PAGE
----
From imgur. This image almost brought tears to my eyes. I am so disappointed in the lack of humanity in the Western press. The plight of Iraqi children not told. So much for human rights bullshitery. [Update April 22, 2012: As a reader pointed out below in the comment section, this image seems to be taken from a public service announcement; not a genuine story. However, nobody is denying the monstrosity that took place in Iraq in the last couple of decades, and perhaps that blame lays not only at the Western media but squarely too at the American public as melektaus rightfully put it.]
(Warning. Image on the left is graphic. Clicking on it will show a larger version of it. Seeing it has made me sick to my stomach.)
The U.N. reported in 2009 346 Afghan children were killed and more than half were killed by NATO, mostly through air strikes.
Just in the beginning of this month, nine Afghan children were killed by U.S./NATO helicopter attack in Kunar Province. Media watch-dog, Fairness & Accuracy In Reporting (FAIR), has systemically documented the lack of coverage in the U.S. over this tragedy. I wondered if Americans are aware of the brutal deaths in Iraq and Afghanistan would they still support the bombings in Libya.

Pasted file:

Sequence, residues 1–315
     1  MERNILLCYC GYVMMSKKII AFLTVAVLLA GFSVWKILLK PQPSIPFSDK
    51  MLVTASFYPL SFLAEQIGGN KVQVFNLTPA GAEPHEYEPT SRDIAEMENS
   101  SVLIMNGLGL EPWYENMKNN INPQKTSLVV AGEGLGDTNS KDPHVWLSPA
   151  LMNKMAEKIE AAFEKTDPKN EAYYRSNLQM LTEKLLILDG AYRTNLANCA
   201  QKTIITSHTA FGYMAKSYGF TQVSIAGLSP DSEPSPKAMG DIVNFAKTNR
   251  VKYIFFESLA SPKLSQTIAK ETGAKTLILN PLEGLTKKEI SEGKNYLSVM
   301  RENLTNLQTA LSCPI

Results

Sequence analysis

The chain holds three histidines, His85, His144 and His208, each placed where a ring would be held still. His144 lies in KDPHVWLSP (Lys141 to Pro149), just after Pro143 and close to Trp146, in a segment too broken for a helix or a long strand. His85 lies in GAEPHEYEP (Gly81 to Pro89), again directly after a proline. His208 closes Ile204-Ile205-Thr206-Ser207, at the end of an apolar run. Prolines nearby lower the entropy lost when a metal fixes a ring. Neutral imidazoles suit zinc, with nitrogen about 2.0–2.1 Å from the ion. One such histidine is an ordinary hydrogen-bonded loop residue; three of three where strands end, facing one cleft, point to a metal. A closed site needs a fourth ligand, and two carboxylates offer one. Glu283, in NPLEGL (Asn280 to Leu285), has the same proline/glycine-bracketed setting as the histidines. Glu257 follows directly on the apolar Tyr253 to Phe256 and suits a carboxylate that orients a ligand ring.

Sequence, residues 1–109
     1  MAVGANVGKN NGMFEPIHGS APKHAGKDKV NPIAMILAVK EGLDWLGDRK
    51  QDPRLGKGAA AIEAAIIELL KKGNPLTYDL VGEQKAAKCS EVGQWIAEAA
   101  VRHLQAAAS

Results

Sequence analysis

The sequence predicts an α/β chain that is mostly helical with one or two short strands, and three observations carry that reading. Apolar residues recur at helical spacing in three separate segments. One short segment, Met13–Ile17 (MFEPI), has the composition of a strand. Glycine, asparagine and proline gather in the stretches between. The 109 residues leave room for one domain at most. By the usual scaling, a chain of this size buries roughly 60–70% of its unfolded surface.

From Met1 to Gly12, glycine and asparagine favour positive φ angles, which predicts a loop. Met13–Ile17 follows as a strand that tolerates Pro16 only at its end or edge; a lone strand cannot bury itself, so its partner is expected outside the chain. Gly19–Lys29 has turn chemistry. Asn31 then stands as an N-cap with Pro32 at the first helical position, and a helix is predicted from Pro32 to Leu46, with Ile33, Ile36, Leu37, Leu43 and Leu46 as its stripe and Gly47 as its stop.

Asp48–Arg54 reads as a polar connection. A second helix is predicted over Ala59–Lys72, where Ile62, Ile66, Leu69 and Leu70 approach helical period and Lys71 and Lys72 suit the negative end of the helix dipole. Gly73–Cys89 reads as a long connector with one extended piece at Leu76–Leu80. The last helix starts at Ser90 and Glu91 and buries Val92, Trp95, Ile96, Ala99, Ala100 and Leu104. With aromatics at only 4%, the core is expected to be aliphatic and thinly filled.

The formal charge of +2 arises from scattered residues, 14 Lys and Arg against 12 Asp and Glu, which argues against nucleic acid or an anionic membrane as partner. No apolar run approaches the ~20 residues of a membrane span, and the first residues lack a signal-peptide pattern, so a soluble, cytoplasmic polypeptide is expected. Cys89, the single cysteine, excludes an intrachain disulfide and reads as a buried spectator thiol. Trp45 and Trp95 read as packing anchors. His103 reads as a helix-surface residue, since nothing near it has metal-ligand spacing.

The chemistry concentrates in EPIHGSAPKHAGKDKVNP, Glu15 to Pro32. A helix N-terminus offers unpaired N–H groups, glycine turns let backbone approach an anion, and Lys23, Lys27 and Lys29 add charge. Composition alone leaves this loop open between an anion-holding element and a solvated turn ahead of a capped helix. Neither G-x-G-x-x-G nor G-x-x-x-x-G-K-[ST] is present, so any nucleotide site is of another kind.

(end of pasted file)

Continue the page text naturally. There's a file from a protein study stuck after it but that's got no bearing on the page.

I just searched for images of children killed in the Afghan and Iraqi wars and saw some of them. If there is any real humanity in the Western media, they need to show these pictures, not just words justifying the wars. Without the images, Western citizens will continue to be apathetic to the horrific deaths the wars are causing. Below is analysis from FAIR: Continue reading FAIR: “How Many Afghan Kids Need to Die to Make the News?”
In contrast to the fairly positive reportng by Sichuan Online on overseas Chinese serving in US military, this article titled “Who Am I Fighting For” exposes a different view of life in the American military.
“Who Am I Fighting For” appeared in November 2008 issue of Siwen Times Digest, chronicled a Chinese graduate student’s entry into the Iraq war, and the deaths he witnessed on and off the battlefield:
Who Am I Fighting For – A Chinese American Soldier’s Diary
Continue reading (Letter) Translation: Chinese-American Military Service Experience In Contrast – Who Am I Fighting For
Below is a report from Sichuan Online, about a young man from Chengdu serving in US military, and his forum postings about his experience:
“My American Soldier Diary” – Chengdu Man Serving In American Military: In Kuwait Reminiscing Jiouyanchao
Continue reading (Letter) Translation: “My American Soldier Diary” – Chengdu Man Serving In American Military